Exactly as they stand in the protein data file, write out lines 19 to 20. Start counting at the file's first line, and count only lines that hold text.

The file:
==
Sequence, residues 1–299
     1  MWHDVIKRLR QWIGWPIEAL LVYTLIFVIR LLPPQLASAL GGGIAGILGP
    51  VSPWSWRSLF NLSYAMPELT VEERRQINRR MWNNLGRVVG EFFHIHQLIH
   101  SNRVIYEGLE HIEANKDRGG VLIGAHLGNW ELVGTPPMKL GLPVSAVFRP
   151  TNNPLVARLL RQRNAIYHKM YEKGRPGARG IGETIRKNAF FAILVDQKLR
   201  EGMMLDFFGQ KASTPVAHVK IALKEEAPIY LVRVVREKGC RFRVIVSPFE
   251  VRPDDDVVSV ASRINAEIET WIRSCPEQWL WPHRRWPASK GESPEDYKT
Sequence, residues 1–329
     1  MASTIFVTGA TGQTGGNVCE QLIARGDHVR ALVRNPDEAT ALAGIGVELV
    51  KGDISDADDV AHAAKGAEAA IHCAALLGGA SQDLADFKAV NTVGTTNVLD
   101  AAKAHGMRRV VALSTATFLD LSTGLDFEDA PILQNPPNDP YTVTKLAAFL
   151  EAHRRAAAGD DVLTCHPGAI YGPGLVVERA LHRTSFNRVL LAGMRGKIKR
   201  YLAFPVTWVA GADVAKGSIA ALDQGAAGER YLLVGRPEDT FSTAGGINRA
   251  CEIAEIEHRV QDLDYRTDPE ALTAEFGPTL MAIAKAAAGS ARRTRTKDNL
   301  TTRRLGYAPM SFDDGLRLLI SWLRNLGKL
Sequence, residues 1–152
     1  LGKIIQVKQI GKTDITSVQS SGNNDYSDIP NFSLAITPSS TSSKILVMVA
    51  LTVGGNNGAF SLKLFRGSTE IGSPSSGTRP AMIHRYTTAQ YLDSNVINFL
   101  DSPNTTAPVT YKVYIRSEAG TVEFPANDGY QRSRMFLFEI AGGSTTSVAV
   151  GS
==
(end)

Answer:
   101  DSPNTTAPVT YKVYIRSEAG TVEFPANDGY QRSRMFLFEI AGGSTTSVAV
   151  GS